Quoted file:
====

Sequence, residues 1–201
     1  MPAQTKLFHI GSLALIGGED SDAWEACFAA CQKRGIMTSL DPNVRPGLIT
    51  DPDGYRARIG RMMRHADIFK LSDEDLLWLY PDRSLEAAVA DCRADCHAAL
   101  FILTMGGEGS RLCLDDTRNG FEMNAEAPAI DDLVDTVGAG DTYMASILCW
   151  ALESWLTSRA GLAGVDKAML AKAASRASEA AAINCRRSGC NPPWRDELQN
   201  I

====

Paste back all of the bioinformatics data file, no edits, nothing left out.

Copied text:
Sequence, residues 1–201
     1  MPAQTKLFHI GSLALIGGED SDAWEACFAA CQKRGIMTSL DPNVRPGLIT
    51  DPDGYRARIG RMMRHADIFK LSDEDLLWLY PDRSLEAAVA DCRADCHAAL
   101  FILTMGGEGS RLCLDDTRNG FEMNAEAPAI DDLVDTVGAG DTYMASILCW
   151  ALESWLTSRA GLAGVDKAML AKAASRASEA AAINCRRSGC NPPWRDELQN
   201  I